Helminth infections and type 2 diabetes mellitus in Indonesia. Integrating parasitological, immunological and metabolic studies

Indonesian project leader: Dr Taniawati Supali, University of Indonesia Dutch project leader: Prof. Jan Smit, Leiden University Medical Center

Cardiovascular diseases are no longer a problem only for rich Western countries: 80% of deaths from these diseases are now estimated to occur in developing countries. Type 2 diabetes mellitus (DM2) is a significant risk factor for cardiovascular diseases and is closely associated with a Western lifestyle. In Asia, there is currently a rapidly growing epidemic of DM2. By 2030, India, China, and Indonesia are likely to be among the countries with the highest occurrence of DM2. This epidemic is a major burden on the healthcare system and prevention is therefore of great importance. Developing prevention programmes requires a knowledge of all the factors that are relevant to the development of DM2. Rapid economic development in Asia is leading to major changes in infrastructure, technology, and the food supply which are associated with excess food intake and a lack of physical exercise, thus leading to an increase in DM2. Along with the disappearance of traditional lifestyles, the disappearance or reduction of infectious diseases also plays a role. Besides changes in eating patterns and physical activity, inflammatory processes also play a major role in the development of DM2. It is therefore plausible that the effects of changing infection pressure on the immune system also play a role in the development of DM2 in developing countries.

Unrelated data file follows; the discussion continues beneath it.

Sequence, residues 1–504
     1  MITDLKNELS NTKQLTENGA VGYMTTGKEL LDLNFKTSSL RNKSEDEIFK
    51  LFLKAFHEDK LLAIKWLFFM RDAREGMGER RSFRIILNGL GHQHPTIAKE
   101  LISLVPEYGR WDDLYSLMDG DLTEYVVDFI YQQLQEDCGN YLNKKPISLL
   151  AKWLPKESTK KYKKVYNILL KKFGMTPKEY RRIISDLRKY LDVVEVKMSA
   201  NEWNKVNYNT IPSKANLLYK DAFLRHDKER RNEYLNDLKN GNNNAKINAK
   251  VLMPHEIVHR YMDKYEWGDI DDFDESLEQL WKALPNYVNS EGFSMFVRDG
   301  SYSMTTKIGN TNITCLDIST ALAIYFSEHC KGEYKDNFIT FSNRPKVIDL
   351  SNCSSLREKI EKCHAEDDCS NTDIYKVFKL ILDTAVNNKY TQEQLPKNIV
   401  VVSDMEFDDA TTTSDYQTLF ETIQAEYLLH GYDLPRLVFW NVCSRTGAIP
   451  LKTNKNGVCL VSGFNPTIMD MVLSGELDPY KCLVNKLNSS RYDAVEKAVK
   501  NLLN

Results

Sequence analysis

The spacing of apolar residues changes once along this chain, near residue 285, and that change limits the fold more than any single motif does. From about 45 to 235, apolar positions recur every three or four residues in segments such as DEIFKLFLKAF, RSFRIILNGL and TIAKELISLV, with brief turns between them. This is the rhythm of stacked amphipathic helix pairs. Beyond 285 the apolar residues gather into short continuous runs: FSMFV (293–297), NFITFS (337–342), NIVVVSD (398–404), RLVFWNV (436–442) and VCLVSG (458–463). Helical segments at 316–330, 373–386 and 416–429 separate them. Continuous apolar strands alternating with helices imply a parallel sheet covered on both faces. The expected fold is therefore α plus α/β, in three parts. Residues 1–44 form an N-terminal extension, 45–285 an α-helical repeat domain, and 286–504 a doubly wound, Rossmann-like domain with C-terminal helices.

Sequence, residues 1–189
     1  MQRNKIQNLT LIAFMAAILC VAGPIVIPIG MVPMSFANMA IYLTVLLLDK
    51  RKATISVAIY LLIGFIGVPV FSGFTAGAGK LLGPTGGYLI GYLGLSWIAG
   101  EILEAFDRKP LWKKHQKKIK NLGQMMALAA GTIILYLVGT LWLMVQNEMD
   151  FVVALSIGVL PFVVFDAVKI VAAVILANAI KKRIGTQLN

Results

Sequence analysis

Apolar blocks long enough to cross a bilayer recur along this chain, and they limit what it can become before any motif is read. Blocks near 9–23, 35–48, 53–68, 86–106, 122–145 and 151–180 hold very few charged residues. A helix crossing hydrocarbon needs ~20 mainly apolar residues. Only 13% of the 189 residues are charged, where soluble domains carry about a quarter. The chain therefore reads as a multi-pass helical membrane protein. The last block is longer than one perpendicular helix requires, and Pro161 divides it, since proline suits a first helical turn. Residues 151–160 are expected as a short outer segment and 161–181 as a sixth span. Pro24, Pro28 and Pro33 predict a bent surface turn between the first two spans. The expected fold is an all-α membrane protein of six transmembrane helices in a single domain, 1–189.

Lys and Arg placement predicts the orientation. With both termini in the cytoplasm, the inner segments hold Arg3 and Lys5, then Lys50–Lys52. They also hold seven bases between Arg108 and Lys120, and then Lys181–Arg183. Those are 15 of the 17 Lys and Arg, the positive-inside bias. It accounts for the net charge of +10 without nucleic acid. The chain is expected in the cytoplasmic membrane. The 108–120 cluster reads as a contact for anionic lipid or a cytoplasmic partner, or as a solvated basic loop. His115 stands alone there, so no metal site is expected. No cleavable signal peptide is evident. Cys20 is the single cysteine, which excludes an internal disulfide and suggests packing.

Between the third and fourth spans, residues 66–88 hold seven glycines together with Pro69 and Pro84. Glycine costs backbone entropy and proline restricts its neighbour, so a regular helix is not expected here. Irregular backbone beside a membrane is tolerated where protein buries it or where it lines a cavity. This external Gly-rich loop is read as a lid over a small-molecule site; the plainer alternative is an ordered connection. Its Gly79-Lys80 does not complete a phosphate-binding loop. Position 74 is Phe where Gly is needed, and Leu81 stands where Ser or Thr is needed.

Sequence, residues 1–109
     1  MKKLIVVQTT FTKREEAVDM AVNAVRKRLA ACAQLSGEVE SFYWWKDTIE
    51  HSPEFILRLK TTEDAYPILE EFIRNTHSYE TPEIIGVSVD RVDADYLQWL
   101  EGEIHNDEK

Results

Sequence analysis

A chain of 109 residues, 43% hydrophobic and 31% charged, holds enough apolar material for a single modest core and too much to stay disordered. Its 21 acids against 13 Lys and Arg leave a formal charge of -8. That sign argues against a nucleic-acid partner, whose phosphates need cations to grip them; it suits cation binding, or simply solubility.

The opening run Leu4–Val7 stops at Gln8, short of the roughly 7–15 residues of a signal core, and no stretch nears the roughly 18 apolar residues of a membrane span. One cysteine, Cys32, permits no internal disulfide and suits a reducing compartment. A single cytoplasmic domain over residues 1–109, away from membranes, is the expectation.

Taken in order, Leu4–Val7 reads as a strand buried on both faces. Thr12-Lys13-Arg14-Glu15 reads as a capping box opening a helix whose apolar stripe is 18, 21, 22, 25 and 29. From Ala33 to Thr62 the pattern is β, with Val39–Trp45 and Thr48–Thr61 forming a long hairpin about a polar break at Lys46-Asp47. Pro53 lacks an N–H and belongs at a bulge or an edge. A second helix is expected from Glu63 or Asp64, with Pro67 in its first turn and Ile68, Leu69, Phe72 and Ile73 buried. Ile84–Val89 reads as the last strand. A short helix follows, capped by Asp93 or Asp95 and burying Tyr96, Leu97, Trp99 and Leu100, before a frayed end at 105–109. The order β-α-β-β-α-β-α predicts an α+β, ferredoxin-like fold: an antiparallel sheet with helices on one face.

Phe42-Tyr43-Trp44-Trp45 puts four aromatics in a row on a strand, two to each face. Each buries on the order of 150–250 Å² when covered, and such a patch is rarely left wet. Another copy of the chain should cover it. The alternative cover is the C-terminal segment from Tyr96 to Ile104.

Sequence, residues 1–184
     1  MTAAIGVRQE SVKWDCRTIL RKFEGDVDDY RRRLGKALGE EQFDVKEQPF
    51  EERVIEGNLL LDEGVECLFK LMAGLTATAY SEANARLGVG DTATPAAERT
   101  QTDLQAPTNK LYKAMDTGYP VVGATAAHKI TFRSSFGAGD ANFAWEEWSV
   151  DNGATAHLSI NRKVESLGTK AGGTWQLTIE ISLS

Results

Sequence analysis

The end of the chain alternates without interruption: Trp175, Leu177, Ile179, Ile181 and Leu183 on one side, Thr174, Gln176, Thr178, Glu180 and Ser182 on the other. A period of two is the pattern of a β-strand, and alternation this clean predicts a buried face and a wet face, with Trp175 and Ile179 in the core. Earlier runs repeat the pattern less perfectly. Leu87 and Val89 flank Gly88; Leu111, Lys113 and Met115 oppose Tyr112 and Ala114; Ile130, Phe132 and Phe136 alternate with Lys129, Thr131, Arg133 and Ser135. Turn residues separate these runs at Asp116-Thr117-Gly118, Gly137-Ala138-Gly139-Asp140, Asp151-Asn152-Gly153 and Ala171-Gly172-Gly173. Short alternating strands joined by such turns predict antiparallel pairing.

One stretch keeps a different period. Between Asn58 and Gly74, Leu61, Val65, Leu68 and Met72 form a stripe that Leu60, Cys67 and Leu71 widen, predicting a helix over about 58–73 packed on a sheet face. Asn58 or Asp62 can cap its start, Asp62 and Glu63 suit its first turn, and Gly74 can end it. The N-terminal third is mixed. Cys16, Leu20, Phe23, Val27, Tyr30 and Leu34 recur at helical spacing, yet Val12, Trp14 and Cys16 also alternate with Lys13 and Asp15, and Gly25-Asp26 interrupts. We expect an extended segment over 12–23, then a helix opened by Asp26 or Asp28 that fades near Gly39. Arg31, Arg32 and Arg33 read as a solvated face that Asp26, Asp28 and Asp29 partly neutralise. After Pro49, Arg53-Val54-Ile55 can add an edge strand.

Population research in Flores Photo: Jan Smit

In an earlier study on the Indonesian island of Flores, our group discovered that parasitic infections (worm infections) reduce the activity of the immune system and that people who were suffering from such infections had a more favourable blood sugar profile than those who were not. In the current programme, we intend investigating the relationship between worm infections and DM2 and the underlying mechanisms. To that end, an interdisciplinary research programme has been set up involving researchers engaged in clinical and basic research, social medicine, and statistics. The hypothesis that worm infections reduce the likelihood of people developing DM2 will be investigated in a controlled study in which inhabitants of the island of Flores will be treated with anti-worm medication or control medication. The study will investigate the effect of the disappearance of worm infections on blood sugar metabolism and the immunological mechanisms that play a role. All relevant lifestyle and socio-cultural factors will also be studied. In order to determine the mechanism, studies will also be carried out on laboratory models of worm infections and DM2. Given the variety and complexity of the data collected, methods will also be developed for analysing that data and integrating it into a model that will describe the contribution of worm infections together with all other relevant factors in the development of DM2. The intention of the programme is to develop instruments for use by policy-makers engaged in constructing DM2 prevention programmes in Indonesia.